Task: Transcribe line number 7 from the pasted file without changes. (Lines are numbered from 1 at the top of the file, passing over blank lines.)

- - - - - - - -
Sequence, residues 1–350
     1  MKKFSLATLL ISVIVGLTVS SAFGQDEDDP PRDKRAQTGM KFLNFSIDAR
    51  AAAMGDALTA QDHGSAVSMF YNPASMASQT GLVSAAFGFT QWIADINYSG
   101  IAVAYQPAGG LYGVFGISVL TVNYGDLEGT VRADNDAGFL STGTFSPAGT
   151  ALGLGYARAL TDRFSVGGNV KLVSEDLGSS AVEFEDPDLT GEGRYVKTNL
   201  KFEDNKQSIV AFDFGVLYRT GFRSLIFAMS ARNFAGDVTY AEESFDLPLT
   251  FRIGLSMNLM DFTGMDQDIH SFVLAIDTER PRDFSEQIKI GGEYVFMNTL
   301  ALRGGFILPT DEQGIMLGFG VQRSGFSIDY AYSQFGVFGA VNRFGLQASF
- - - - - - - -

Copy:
   251  FRIGLSMNLM DFTGMDQDIH SFVLAIDTER PRDFSEQIKI GGEYVFMNTL